What about other regulations? The Court said virtually nothing—in Heller or in the subsequent McDonald case—about what regulations, short of outright bans, would survive or about how such regulations should be evaluated. The Court left such questions for another day.

That day has now arrived—at least in the lower federal courts. New York permits private citizens to carry concealed firearms in public, but only if they can demonstrate a special need for doing so. And New York completely forbids private citizens from openly carrying firearms. Do those restrictions violate the Second Amendment? If not, what about the Illinois law that completely bars public carriage of loaded guns by all persons except for those in a small number of statutorily designated occupations?

To answer such questions, should courts look for precise Eighteenth and Nineteenth Century analogues to the New York and Illinois laws? Or is it enough that these laws fall within a general American tradition of firearms regulation? Until the Supreme Court grants review in another Second Amendment case, the lower courts will continue to struggle with such questions.

Is There Any Right to Carry Firearms in Public?

Might it be possible to bypass these questions for a whole class of firearms restrictions? Suppose that the Second Amendment simply affords no protection at all for possession of firearms outside of the home. Although the text of the Amendment draws no distinction between home possession and public possession of firearms, the Court’s decision in Heller repeatedly emphasizes the special value of firearms as a means of protection in the home.

Moreover, as I tentatively suggested in an essay for a 2008 symposium in the Syracuse Law Review, limiting the Second Amendment right to home possession would parallel the Court’s interpretation of other provisions of the Bill of Rights, including the First Amendment. Although that provision’s text also makes no distinction between the home and other locations, case law has afforded greater protection in the home. In the 1969 case of Stanley v. Georgia, the Supreme Court construed the First Amendment to protect home possession of material that could be proscribed as obscenity outside of the home.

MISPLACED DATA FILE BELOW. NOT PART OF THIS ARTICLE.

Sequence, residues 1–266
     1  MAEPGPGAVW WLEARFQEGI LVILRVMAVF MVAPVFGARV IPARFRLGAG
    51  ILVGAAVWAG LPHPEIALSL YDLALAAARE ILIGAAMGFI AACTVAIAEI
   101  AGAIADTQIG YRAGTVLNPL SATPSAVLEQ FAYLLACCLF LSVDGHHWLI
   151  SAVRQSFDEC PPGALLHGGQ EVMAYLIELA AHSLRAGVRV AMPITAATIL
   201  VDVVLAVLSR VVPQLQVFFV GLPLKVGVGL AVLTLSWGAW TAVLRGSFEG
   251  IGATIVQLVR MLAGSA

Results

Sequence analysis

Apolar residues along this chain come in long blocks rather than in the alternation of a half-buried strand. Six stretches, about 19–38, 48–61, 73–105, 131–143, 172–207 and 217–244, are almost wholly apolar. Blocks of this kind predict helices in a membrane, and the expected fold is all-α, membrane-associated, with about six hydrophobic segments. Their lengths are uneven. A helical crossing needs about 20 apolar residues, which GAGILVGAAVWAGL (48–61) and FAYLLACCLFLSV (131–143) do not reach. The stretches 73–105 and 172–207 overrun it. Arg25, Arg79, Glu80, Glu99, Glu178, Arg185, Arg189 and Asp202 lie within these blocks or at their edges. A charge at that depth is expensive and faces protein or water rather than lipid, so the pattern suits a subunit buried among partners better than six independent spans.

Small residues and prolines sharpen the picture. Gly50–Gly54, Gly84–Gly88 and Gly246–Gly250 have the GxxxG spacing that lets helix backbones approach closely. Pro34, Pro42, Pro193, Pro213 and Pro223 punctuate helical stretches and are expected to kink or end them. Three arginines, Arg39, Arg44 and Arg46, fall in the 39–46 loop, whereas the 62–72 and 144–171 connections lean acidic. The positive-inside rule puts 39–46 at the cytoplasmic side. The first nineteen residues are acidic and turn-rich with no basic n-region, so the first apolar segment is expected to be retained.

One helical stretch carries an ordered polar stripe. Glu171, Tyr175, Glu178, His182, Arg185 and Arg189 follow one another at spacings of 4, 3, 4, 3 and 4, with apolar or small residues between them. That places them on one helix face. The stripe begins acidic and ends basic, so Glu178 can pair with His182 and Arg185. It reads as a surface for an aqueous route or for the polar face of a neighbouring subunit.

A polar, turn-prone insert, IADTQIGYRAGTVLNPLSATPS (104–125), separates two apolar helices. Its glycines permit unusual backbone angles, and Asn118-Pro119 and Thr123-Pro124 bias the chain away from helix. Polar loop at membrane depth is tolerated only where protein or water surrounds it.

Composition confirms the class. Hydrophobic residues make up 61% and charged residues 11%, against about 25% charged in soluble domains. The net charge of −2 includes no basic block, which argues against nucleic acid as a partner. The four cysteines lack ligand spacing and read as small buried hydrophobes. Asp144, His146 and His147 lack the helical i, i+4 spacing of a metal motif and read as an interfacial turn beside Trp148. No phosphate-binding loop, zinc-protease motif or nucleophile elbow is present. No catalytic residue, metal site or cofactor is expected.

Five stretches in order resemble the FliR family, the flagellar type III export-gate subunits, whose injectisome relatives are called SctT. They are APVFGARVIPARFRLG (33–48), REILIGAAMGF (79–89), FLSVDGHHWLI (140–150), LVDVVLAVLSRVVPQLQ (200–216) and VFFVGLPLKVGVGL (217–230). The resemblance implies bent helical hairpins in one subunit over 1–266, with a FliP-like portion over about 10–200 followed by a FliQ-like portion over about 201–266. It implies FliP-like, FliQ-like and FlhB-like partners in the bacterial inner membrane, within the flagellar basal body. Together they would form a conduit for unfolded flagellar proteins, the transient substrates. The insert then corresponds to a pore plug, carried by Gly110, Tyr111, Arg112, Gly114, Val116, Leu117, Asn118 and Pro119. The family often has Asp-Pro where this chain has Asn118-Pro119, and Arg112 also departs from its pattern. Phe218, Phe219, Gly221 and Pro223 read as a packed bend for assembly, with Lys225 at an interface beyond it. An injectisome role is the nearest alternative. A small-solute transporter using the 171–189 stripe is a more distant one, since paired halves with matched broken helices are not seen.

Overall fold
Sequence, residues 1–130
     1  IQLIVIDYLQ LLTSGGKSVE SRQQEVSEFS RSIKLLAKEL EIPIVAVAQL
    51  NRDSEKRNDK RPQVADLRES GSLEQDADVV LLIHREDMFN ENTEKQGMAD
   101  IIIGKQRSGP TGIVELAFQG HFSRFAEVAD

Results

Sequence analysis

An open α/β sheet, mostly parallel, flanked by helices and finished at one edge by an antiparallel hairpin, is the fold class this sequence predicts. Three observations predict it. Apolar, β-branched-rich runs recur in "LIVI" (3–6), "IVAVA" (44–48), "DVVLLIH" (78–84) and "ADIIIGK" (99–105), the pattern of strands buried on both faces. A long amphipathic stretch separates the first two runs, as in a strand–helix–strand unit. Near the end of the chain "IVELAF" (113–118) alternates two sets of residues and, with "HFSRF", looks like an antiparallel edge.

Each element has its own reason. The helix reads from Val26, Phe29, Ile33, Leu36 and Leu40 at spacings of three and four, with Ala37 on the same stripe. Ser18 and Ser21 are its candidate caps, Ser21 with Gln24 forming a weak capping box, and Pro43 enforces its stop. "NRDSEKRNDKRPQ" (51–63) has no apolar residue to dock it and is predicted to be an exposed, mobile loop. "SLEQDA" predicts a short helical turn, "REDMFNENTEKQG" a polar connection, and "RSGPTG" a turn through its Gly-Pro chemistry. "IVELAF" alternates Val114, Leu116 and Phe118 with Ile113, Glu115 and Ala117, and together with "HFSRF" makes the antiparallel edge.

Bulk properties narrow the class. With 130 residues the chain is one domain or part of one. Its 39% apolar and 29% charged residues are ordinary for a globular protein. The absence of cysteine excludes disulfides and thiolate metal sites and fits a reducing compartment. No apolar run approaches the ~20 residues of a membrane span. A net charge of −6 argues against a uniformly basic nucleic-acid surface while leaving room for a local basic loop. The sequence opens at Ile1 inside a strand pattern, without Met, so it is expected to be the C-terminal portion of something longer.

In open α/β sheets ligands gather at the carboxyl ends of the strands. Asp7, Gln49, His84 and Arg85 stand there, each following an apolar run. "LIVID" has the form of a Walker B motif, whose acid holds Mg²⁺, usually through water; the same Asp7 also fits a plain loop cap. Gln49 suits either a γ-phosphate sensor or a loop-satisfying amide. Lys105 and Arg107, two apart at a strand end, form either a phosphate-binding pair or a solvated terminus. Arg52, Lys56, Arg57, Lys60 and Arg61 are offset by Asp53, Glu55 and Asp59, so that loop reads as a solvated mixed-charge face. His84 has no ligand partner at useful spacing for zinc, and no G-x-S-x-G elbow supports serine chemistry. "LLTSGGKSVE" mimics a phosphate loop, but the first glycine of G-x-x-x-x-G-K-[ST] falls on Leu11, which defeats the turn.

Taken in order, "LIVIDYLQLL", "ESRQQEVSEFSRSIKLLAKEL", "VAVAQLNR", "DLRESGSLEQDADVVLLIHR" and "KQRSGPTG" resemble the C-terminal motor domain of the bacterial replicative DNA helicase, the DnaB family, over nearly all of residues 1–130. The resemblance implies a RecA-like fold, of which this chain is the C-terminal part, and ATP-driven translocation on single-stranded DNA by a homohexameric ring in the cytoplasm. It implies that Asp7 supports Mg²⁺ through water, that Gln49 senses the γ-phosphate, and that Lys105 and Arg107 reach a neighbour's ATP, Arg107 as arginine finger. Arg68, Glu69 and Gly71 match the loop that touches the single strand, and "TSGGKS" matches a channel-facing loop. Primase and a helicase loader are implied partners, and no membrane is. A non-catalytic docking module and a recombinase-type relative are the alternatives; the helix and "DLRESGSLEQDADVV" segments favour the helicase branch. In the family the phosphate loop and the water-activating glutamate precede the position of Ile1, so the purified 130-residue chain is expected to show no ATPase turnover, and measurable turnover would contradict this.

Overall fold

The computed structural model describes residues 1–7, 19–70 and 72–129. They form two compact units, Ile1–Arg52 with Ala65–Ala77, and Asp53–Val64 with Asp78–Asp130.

Picking up and running with my suggestion, the next year University of Cincinnati Law Professor Darrell Miller wrote an article in the Columbia Law Review with the provocative title “Guns as Smut: Defending the Home-Bound Second Amendment.” In it, he explained how the individual right view of the Second Amendment depends on the distinction between the general militia—the whole body of the People—and a select militia—an armed subset of the People that may be used by tyrants to threaten the People’s liberties or by a mob to threaten the government itself. Miller tied the fears of a select militia to Seventeenth and Eighteenth Century English concerns about oppression by the Stuart kings as well as mob violence. He argued that the First Amendment right “peaceably to assemble” is best understood as a right to assemble unarmed. An armed assembly is, or has the potential easily to become, an oppressive select militia. Thus, Miller concluded that the Second Amendment would not have been originally understood to empower individuals to go about in public with firearms, except when performing militia service.

The home-bound view of the Second Amendment has not gone unchallenged. For example, UCLA Law Professor Eugene Volokh forcefully contested both the historical and policy grounds for Miller’s argument. Miller, in turn, objected that Volokh’s rebuttal took aim at the analogy between guns and smut, but missed the substance of his argument. As the progenitor of the obscenity analogy, I am not well positioned to referee this debate, even though I made the point more tentatively than Miller.

In any event, it is unlikely that the Supreme Court’s ultimate resolution of the question will turn on a close reading of the historical materials. Judge Richard Posner, who authored the Seventh Circuit opinion in Moore, argued that the opponents of the individual-right view of the Second Amendment lost the historical argument in Heller and McDonald, and so the question is now simply one of implementation. Because guns can be no less—and often can be more—useful for self-defense in public than in the home, public carriage falls within the scope of the Second Amendment right, he concluded.